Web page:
For biopharma, the path to Industry 4.0 may have fewer turns and barriers because drug development is fuelling more capacity, engineered from the start to be flexible and incorporate the latest process automation and data-rich operational controls. Nevertheless, the industry is asking the equipment and engineering communities to step up and provide the advanced processing and manufacturing technologies they need to succeed. Regarding advanced manufacturing techniques, biopharmaceutical drug developers are asking their suppliers to develop more continuous processing technologies. In the recent 13th Annual Report of Biopharmaceutical Manufacturing, for example, what the survey respondents wanted equipment suppliers to concentrate their R&D efforts on most was cited as downstream continuous processing.7
In practice, biopharmaceutical companies are cultivating growth by advancing their processing capabilities and upping quality by applying automation and data collecting technologies in ways that fit their operations best. A 2016 whitepaper presented by Bio-Rad described the company’s adoption of an automated, multidimensional (Multi-D) chromatography system to replace the cumbersome, complex and hands-on manual sequential chromatography system. For Bio-Rad, implementing automation in this area reduced purification times from days to hours.8
Bioprocessing and manufacturing experts agree that continuous processing will be an elemental part of manufacturing future biologics ... and its potential is available right now. Delivered to MIT’s Second International Symposium on Continuous Manufacturing of Pharmaceuticals, author Dr David Pollard of Merck & Co. outlined the future of continuous mAb biopharmaceutical processing and how commercially feasible it is in his paper “Single Use Enabled Automated Continuous Monoclonal Antibody Production with Real-Time Release.”9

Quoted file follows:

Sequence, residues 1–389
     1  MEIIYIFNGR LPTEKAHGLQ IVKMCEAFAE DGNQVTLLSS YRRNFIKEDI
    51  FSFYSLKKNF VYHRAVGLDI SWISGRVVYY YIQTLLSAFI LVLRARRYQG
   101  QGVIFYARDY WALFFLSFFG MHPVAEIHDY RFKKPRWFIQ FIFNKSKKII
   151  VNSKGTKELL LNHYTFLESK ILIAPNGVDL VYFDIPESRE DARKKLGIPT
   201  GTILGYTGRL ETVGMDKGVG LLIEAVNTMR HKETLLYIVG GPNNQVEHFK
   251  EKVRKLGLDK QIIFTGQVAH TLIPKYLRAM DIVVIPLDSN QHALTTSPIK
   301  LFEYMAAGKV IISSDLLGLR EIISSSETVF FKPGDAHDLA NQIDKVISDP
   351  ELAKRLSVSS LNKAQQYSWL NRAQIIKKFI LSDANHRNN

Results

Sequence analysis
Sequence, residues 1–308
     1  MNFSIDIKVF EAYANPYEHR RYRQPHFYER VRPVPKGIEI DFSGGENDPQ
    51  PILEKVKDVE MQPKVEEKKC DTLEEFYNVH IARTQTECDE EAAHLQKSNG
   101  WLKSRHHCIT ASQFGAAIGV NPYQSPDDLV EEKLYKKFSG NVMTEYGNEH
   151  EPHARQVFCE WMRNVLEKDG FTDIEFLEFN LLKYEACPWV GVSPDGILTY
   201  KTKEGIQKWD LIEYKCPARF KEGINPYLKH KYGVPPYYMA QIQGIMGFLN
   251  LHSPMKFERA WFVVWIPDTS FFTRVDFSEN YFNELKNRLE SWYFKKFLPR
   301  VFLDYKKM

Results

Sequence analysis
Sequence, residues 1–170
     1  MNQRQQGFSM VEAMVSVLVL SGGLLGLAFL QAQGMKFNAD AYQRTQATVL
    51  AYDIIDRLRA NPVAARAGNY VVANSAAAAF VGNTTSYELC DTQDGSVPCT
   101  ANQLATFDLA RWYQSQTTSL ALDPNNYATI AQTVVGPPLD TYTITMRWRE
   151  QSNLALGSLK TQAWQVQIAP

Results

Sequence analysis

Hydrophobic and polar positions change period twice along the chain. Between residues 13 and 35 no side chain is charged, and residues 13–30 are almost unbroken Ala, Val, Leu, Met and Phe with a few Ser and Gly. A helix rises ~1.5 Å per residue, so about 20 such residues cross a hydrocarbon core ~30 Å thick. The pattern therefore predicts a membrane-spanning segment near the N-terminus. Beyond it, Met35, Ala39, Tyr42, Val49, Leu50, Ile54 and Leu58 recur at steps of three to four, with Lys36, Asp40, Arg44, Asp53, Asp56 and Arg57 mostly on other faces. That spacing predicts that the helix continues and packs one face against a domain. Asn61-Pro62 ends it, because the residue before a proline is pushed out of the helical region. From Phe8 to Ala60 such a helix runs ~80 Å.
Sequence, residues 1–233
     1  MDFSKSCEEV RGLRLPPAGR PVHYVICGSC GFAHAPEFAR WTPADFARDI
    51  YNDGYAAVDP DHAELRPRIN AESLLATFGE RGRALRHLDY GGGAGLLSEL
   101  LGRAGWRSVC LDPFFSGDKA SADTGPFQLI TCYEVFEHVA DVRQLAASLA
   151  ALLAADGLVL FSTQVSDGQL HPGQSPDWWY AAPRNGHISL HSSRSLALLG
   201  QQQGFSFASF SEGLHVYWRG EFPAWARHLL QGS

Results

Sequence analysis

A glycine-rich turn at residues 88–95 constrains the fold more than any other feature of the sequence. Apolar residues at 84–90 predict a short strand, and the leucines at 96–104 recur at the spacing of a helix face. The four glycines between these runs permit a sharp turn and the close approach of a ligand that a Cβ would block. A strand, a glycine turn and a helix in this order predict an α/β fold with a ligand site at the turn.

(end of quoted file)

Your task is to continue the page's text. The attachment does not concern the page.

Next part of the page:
By way of an overarching automation and PAT control strategy, Merck said it engineered a facility that has repeatedly demonstrated its ability to run continuous process batches for 40-day production runs. In his paper, Pollard describes how multiple technology improvements make it feasible to replace a large 20,000 L stainless steel plant with 500 L single-use bioreactors in a continuous processing train that’s able to boost upstream perfusion production titres above the goal of 2 g/L per day.
Bioprocesses in production are completely transparent as well. Merck implemented a “Multi-Attribute Method” (MAM) focused on peptide mapping that covers the majority of protein critical quality attributes. A single analytical run can measure mAb identity, glycans, charge variants, oxidation, clipping and process impurities that eliminates the need for more than 5–7 separate assays, according to Pollard.
It is becoming clear that biopharmaceutical developers and manufacturers of all categories are increasingly relying on advanced manufacturing techniques to ensure quality and drive down expenses. And they’re going to need to if they are to achieve higher performing and financially sustainable operations from a cost of goods standpoint. The means to meet these challenges is available in the form of automation and control technologies, which are ready to be implemented and help biopharma to industrialise its future.